It is absolutely mind-boggling that more people have a fear of dying in a plane accident than any other mode of transportation. In fact, you will be hard-pressed to find many people that are afraid of riding in a car. Yet, out of 100 transportation deaths, chances are that 95 (95.3%) of them will be by car, as compared to other modes of transportation, while only one (0.9%) will be during an airplane flight . Perhaps, at least partially because of this unfounded fear of flying, on the rare occasions when a plane does crash, it is studied until the root cause can be determined. Access to this essential information (due to the requirement that planes utilize flight recorders), coupled with an understanding of how planes are built, enables designers and manufacturers to make necessary safety improvements.
The same is true for building PCBAs. Knowledge of the manufacturing process is an essential asset that allows engineers and PCB designers to make decisions that will maximize board yields rates. The range of sizes and shapes that circuit boards may take is vast and application or installation environment-dependent. Even so, board construction can be divided into categories based upon the type and number of layers in the PCB stackup. Let’s take a look at the types of board construction and then delve into how multilayer PCBs are made, which offer the most design flexibility.
Types of PCB Construction
Today, circuit boards can be found almost everywhere. This includes the smallest electronic devices, most complex medical laboratory equipment, most sophisticated aerospace vehicles and virtually everywhere else. All of these boards fall into one of the construction type groups listed in the table below.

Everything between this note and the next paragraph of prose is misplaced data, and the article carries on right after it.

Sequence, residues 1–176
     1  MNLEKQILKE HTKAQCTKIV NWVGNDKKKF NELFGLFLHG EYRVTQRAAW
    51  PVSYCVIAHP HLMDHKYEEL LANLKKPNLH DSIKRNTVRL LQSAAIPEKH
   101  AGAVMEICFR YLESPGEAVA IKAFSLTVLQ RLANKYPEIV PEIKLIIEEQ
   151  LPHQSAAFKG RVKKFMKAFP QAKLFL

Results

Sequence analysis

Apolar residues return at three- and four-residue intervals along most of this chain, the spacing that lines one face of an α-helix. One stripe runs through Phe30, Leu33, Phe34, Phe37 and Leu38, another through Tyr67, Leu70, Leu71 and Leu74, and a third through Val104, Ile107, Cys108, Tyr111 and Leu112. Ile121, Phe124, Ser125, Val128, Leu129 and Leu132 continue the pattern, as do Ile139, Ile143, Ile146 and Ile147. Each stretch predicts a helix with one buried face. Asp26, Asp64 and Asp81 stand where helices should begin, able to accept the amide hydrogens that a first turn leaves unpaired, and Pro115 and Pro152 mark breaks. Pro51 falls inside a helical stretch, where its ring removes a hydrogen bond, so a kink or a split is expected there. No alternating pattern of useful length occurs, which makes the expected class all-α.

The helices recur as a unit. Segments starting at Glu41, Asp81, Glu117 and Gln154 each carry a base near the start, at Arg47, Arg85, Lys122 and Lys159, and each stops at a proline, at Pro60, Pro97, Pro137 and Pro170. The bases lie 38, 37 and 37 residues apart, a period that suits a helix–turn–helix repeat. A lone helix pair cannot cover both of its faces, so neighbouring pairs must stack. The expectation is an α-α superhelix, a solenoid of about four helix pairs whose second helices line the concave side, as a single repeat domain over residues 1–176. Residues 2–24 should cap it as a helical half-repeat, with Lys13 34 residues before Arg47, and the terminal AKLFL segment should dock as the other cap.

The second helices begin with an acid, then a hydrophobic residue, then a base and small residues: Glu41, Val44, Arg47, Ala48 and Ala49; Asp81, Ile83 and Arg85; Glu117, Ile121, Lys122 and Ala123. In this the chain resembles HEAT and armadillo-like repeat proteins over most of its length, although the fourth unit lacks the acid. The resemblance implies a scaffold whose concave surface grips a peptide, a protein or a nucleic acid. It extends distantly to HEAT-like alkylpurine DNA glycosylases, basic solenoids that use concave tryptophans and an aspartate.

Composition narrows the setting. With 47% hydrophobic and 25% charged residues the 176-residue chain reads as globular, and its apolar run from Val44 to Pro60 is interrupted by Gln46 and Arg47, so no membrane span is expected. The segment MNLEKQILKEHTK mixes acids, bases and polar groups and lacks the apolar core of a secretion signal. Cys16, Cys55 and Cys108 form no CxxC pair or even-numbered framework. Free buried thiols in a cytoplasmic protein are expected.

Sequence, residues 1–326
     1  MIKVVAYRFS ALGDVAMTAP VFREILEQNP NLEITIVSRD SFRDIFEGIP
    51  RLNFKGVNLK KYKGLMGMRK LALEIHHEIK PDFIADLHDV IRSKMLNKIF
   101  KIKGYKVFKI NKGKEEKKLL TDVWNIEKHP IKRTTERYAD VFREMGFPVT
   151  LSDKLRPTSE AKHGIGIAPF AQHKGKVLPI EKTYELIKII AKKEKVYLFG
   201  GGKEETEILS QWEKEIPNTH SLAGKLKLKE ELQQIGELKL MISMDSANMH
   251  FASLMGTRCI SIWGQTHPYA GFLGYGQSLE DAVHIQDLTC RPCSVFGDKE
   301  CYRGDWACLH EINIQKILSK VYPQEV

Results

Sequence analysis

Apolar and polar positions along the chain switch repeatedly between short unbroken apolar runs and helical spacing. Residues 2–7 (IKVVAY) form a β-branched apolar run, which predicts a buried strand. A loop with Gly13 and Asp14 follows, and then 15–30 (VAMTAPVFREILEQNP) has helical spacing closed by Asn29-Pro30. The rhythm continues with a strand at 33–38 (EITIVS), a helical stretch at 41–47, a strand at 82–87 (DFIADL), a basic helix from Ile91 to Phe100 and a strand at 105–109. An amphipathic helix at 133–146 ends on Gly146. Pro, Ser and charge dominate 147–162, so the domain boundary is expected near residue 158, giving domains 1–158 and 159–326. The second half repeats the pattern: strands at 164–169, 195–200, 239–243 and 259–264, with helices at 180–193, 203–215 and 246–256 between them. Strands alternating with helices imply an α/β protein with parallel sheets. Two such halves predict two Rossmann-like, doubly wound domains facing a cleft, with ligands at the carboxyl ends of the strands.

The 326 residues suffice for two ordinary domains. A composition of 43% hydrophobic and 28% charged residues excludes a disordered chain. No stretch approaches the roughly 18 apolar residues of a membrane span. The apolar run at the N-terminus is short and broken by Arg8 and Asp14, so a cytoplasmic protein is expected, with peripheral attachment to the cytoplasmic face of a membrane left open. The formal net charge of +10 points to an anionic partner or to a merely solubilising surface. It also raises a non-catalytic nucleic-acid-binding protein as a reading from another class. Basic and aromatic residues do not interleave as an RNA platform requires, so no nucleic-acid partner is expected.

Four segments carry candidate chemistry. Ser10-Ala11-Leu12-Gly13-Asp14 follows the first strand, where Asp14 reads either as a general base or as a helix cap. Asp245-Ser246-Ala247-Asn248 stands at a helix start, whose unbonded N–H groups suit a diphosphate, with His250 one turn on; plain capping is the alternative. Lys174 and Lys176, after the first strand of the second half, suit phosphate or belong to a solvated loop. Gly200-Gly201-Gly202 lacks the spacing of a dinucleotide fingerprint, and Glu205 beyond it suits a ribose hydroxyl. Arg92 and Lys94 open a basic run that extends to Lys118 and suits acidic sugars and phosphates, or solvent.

PCB CONSTRUCTION TYPE COMPARISON
|Lower manufacturing costs||Limited trace routing|
|Double-Sided||Increased surface area for mounting components||Longer time for PCBA|
|Multilayer||Smaller board size, more complex routing|
More complex fabrication
In the table above, single-sided indicates the board has traces and components on one side and double-sided indicates that the board has traces and components on both sides (top and bottom). As shown, single and double-sided boards do have advantages; such as simpler manufacturing and costs. However, the demand for smaller and more functional electronics requires that multilayer PCBAs where SMDs and higher stackup designs can be used for more complex internal layer routing. To fully leverage the advantages of the more compact multilayer boards is best done with an understanding of how they are built.
How Multilayer PCBs are Made and Why It’s Important to Know
The manufacturing steps for PCBAs are basically the same for all construction types with some important distinctions. These variances are related to the layup or multilayer stackup, which includes signal layers with etched copper traces, ground layers that are typically solid planes and insulation or dielectric between them. Specific issues for board fabrication and PCB assembly that are common for multilayer designs are as follows: